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The Corporation of Madras, Represented by Its Commissioner and anr. Vs. the Oriental Mercantile Company, Limited - Court Judgment

LegalCrystal Citation
SubjectMunicipal Tax
CourtChennai High Court
Decided On
Reported in(1966)2MLJ440
AppellantThe Corporation of Madras, Represented by Its Commissioner and anr.
RespondentThe Oriental Mercantile Company, Limited
Cases ReferredSouth Eastern Railway Company v. Railway Commissioners
Excerpt:
- - ..3. earlier, in this same judgment, it is pointed out that terms like 'railway 'and 'railway station 'are not mere legal terms; they are the descriptions in ordinary phraseology of well-understood things of a particular kind......and revenue officer, desires to contend that the advertisement or hoarding displayed at the outer wall of the main building of a railway station, is not entitled to the exemption enacted in section 129-a, sub-clause (e) of the city municipal corporation act (iv of 1919). we may immediately set forth that sub-clause which is in the following terms:section 129-a--provided further that no such tax shall be levied on any advertisement which is not a sky-sign and which-.(e) is exhibited within any railway station, or upon any wall or other property of a railway company except any portion of the surface of such wall or property fronting any street.the learned judge (srinivasan, j.) was of the view that the exemption claimed by the advertiser in this case fell within the scope of the.....
Judgment:

M. Anantanarayanan, C.J.

1. There is only a simple ground of the interpretation of a statute, involved in this writ appeal though, indisputably, it possesses a measure of interest; the only authority that has any bearing, direct or indirect, on the concerned issue is an English decision. We may take it that the writ appellant, which is the Corporation of Madras represented by its Commissioner and Revenue Officer, desires to contend that the advertisement or hoarding displayed at the outer wall of the main building of a railway station, is not entitled to the exemption enacted in Section 129-A, Sub-clause (e) of the City Municipal Corporation Act (IV of 1919). We may immediately set forth that Sub-clause which is in the following terms:

Section 129-A--Provided further that no such tax shall be levied on any advertisement which is not a sky-sign and which-.

(e) is exhibited within any railway station, or upon any wall or other property of a railway company except any portion of the surface of such wall or property fronting any street.

The learned Judge (Srinivasan, J.) was of the view that the exemption claimed by the advertiser in this case fell within the scope of the first part of the Sub-clause itself. He pointed out and certainly we think with some force and justice, that ' a railway station is not merely the booking office, the platform or the waiting; rooms' attached thereto, but includes also all the space comprised within the compound of the premises '.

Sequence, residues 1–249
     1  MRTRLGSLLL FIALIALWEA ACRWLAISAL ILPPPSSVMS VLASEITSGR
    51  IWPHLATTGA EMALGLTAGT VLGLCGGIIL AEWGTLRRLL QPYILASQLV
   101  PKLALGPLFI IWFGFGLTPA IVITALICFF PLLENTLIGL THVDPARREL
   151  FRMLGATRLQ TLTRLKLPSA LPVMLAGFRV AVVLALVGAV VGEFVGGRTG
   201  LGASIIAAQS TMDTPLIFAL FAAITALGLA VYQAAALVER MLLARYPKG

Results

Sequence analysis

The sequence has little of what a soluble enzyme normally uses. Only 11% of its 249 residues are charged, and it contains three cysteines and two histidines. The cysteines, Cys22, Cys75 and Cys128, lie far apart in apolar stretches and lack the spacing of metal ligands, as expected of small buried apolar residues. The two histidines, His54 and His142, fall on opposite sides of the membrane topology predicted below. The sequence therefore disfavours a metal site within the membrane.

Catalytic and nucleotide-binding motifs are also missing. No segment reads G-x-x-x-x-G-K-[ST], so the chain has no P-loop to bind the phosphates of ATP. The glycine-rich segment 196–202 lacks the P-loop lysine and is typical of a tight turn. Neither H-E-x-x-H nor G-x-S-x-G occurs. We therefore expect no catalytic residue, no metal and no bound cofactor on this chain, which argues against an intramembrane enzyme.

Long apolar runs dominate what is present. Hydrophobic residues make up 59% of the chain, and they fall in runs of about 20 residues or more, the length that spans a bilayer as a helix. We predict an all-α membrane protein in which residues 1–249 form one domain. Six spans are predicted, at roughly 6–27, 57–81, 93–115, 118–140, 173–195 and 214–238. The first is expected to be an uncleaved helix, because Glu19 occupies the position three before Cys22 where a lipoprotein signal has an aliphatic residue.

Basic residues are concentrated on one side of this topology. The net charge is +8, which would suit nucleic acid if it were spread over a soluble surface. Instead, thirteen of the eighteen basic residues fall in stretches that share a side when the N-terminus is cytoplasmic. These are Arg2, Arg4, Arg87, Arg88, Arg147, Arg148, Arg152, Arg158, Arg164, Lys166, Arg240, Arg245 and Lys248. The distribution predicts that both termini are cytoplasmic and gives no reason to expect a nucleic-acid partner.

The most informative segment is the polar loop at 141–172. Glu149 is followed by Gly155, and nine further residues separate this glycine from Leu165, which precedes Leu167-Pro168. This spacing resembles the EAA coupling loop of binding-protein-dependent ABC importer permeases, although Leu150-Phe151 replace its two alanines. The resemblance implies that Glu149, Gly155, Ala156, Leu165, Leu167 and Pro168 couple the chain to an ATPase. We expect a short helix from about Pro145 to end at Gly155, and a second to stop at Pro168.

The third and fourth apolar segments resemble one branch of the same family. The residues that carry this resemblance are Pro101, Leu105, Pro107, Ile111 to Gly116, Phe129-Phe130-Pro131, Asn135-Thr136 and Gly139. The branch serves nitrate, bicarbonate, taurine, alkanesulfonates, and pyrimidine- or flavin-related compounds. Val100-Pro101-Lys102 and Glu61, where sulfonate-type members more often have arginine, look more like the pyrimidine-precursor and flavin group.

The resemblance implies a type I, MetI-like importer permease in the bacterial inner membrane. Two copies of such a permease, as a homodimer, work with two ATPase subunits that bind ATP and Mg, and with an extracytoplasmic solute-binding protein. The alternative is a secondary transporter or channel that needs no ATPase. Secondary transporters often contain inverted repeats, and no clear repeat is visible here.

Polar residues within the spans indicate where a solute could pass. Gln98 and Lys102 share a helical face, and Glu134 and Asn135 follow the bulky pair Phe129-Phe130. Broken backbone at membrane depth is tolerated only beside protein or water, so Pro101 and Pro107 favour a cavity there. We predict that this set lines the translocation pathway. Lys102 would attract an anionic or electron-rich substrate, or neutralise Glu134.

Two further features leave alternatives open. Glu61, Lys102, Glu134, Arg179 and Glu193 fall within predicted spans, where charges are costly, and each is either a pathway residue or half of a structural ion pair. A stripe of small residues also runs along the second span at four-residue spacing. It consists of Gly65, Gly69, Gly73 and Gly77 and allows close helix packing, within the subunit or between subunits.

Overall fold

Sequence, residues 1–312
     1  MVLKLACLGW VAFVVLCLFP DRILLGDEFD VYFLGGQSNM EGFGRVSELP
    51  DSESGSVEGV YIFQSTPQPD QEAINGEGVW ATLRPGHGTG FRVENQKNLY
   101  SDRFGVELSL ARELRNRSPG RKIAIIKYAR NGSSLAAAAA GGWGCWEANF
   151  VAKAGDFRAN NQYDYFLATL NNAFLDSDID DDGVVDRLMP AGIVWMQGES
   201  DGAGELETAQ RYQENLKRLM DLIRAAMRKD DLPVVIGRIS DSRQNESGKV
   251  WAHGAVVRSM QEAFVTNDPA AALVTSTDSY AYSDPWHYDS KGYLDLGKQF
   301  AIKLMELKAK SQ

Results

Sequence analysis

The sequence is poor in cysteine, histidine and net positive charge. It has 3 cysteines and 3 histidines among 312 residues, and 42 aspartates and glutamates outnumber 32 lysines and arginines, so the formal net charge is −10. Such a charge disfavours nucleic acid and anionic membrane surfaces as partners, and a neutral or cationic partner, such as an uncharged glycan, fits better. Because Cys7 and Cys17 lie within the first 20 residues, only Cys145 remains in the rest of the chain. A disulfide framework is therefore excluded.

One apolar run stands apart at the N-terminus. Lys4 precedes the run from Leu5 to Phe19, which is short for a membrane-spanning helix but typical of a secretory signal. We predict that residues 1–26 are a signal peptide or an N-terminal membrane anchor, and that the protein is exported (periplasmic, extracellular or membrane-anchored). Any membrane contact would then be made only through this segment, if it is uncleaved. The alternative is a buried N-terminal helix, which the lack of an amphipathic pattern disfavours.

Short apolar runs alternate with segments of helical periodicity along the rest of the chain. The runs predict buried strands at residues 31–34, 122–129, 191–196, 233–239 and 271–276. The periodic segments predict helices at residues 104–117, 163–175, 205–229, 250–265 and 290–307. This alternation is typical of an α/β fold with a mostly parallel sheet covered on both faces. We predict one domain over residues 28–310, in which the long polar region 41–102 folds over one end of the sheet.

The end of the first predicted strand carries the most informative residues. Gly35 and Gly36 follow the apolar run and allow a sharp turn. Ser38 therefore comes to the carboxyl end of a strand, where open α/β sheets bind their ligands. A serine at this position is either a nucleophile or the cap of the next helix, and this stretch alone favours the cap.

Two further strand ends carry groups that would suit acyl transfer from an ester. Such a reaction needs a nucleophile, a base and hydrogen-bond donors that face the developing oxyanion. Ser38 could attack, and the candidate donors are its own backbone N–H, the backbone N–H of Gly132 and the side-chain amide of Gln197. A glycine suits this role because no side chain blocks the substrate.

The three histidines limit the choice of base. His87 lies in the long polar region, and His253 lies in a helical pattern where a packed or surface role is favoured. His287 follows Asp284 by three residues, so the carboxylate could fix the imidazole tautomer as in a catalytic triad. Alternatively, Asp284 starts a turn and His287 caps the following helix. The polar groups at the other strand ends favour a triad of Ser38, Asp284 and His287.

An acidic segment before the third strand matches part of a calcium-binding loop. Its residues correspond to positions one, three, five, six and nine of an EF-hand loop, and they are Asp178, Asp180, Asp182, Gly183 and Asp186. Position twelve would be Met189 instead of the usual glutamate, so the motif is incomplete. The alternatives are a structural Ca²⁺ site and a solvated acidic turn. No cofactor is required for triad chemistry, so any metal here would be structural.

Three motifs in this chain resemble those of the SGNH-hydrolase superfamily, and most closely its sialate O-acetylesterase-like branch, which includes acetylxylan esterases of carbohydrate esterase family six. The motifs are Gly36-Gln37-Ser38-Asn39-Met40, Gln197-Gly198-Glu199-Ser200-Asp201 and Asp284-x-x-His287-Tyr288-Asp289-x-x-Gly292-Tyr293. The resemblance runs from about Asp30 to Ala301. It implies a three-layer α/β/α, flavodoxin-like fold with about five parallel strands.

2. The learned Judge then proceeded to refer to the dicta in South Eastern Railway Company v. Railway Commissioners (1881) 6 Q.B. 586. Part of that judgment is in the following terms:

So as to a 'station,' the term is not in ordinary sense used as a description merely of the actual existing structures at a station, but as the description of a space actually set apart for, and generally used as, a resting place for traffic or a-place for dealing with it in a particular way...

3. Earlier, in this same judgment, it is pointed out that terms like ' railway ' and ' railway station ' are not mere legal terms; they are the descriptions in ordinary phraseology of well-understood things of a particular kind. In the view of the learned Judge, therefore, a railway station will certainly include buildings in the compound or enclosure, and the outer wall of a main building will be within the definition. Hence, if a bill of hoarding or advertisement is affixed to the outer wall, it will ordinarily fall within the terms exhibited within 'any railway station' in Section 129-A, Sub-clause (e). But the matter does not entirely end there, for the reason that the statute uses the explicit language ' is exhibited within any railway station.'

4. It is at least arguable that the exhibition might have to be within the walls of the building (intramural), and not on the outside walls. But this apart, the exhibition in this case indisputably falls within the second clause also. The advertisement has been exhibited on a wall which is the property of the railway company, which certainly does not front any street. These outer walls front the compound or the enclosure, and it is quite conceivable in a case that the compound wall may itself be high enough to exclude the view of the advertisement by pedestrians passing in the street. It is only an advertisement affixed to the outer compound wall itself, which may be said to conceivably front the street, and therefore which might fall outside the ambit of the definition.

5. Sri Chengalvorayan contends that the two clauses of Section 129-A, Sub-clause (e) should not merely be read as disjunctive, which he concedes they are, but that they should also be read as mutually exclusive of each other. For this latter interpretation, we cannot find any justification in the language used. Under the circumstances, we see no reason whatever for taking a different view from that of the learned Judge (Srinivasan, J.) on the liability of the advertisement to tax. In this case, it falls within the exemption, and it is not liable to be taxed by the authorities of the Corporation.

6. This writ appeal is dismissed. No order as to costs.


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